I realize 16mm N/S is overkill for a builders temp, but I would also assume that inspectors would be loath to connect a piece of 6mm TPS into a pillar even for a temp - perhaps its no biggie?

My comments
In some areas the lines company pillar only has a limited range of service fuse sizes available to use. Usually not many in the low values say 32 A which would be OK for builders temp supply.

This factor is reason why it is necessary to use a minimum size of mains cable even though the maximum connected loading is well below the capacity of the mains cable.


   

AlecK
Jun 01 2017 09:29

Yes they may "require" (viw the supply contract)a minimum size.
But - as above - there's NO justification for such a requirement; because the overload protection can be provided at the other end.
Remember a network must provide short circuit protection and fault protection for mains. They DON'T have to provide overload protection - that's OUR job.
   

gregwires
Jun 01 2017 10:05

My dad just had a temp supply livened last week for their house, 4 x 240mm AL tailed down into the temporary box, meters, an 3 phase 32a RCD and MCB and a 532 PDL socket on the outside. The guy from Northpower also put 32A fuses in the pillar some 250m away and said he's put the correct ones once the supply is permanent and he re inspects. The Temp box is on a post that's located just outside of the future shed wall (room to dig footings) and intended location of meter box.
   

Andrew
Jun 01 2017 11:21

A minor point here, but ESR73A doesn't require recording test results, it requires the person connecting to either sight documentation of test results or do the tests themselves. If the person who prepared the CoC didn't appropriately document the tests then the person connecting can't require that they do, they are just required to test for themselves.

I'd say 73A(3) is another reason not to record results on a CoC if you're not going to be the person connecting since it means that if the person connecting is doing their job then you've had another pair of eyes checking that your work is safe (at least as far as phase rotation, supply protection, compatibility, and existence of a main earthing system are concerned).
   

AlecK
Jun 01 2017 13:37

true reg can be interpreted as giving a person-about-to-connect an option of doing the tests themselves, if you don't supply documented test results for your work. Assuming that is a valid option, it would follow that if that option is taken you should expect to be charged for the time taken.

However that is not the way ESR 73A (3) is worded. What it actually says is that if the person who connects has not done the tests themselves, they must sight signed (by the tester) documentation stating what tests were carried out, and what the results were. The Reg is written from the point of view of having reached the moment of connection - by which time the CoC must have been issued, and the "tests required by these regulation" must already have been done. At that stage it's too late to go back in time and do the tests in order to get things back on track, and a person connecting would be entitled to demand test results.They must sight the CoC and the RoI, if any). There is NO obligation on them to do testing that should already have been done before either of these can be lawfully issued.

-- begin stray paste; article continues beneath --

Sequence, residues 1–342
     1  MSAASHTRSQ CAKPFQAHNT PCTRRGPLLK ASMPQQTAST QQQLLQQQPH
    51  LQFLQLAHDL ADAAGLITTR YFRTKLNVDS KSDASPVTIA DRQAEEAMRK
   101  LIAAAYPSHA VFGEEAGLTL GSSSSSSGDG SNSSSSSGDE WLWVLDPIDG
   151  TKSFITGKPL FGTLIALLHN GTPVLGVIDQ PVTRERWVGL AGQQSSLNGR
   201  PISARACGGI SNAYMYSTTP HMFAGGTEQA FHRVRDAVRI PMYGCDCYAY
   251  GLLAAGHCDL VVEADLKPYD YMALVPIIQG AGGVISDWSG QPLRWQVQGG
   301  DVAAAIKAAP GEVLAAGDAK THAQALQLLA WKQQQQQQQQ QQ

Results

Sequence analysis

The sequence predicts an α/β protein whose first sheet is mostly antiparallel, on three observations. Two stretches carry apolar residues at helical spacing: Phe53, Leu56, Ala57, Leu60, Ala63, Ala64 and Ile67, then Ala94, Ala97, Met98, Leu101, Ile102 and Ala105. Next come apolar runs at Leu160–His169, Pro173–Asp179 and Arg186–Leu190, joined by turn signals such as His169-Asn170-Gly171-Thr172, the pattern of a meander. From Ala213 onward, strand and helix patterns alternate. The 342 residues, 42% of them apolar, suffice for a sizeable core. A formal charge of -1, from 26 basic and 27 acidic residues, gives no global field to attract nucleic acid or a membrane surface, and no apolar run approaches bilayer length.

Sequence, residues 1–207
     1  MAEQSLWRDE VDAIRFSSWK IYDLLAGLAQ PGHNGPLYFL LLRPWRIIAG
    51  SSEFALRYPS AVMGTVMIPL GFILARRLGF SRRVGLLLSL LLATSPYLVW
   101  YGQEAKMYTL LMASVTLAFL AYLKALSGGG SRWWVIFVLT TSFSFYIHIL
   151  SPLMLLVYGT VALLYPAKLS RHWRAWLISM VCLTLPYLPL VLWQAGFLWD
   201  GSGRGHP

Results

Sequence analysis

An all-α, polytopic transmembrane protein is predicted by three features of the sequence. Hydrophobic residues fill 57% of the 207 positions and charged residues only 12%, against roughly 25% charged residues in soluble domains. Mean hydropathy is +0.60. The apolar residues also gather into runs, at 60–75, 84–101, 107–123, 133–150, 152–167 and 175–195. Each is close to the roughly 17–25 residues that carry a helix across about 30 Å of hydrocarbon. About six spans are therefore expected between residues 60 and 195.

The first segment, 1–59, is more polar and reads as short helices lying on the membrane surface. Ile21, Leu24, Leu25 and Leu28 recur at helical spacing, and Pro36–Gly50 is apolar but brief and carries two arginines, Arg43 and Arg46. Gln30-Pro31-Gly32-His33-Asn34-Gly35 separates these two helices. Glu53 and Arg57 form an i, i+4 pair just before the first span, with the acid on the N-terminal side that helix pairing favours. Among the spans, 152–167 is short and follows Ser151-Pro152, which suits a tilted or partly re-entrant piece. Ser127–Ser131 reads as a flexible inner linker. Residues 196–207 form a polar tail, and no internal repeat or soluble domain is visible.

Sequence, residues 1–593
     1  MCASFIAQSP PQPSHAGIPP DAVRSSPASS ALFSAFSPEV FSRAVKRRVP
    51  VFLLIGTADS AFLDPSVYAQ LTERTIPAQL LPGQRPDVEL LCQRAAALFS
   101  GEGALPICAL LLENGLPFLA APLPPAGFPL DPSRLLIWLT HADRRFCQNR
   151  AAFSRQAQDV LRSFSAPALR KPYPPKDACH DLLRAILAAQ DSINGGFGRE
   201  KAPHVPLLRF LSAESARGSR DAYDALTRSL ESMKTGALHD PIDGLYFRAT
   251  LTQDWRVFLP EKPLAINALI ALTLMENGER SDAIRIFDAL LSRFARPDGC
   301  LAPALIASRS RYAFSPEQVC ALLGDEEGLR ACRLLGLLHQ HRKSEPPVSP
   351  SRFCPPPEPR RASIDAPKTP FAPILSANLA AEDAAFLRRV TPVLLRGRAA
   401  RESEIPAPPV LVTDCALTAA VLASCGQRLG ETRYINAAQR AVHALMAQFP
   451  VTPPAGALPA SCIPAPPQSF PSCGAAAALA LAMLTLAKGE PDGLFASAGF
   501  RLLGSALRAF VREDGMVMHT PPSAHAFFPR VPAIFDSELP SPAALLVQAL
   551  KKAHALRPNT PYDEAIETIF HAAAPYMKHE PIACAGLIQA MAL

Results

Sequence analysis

Remember it's the person who did the work who is responsible for having work tested; and for having it certified. Asking the person connecting to do "tests required by these regulations" pretty much amounts to admitting that you didn't do them / have them done prior to certification. So not really such a clever idea.
   

Andrew
Jun 01 2017 14:01

I wrote my response on the (incorrect) assumption that the "tests required by these regulations" were the items referred to in 73A(1)(e), since 73A(4) would suggest that you can be satisfied that the testing was done based on the CoC. On second reading (3) adds extra requirements on top of (4), so I think you could only use (4) if the CoC explicitly stated that all tests required by the regulations were performed and gave a satisfactory result - and even there you're skating close to the edge of the law (i.e. probably meeting the letter but certainly not the intent).
   

AlecK
Jun 01 2017 14:25

I believe you are right as to meaning of "tests required by these regulations". It took me a while before I twigged. I believe when working out the meaning of the 'legalese"; we need to look at ESRs as a whole, not just the individual reg. Even to the extent of noting, for example, that in some places the words say "installation or part installation", while in other places it just says "installation" with no reference to "part installation". That sort of thing is (always?) done for a reason, so we can assume something slightly different is meant.

That said, there are several places where Energy Safety's "opinion" is significantly different from the natural meaning of the words. Given various legal precedents; I'll take the actual words as being right, and the opinion as not legally reliable.

One thing's for certain; the letter of the system outlined in ESRs for this stuff doesn't easily translate into practicality, so we tend to take the odd shortcut (like certifying after connection). All very well within the same company, but when third parties are involved it can be tricky.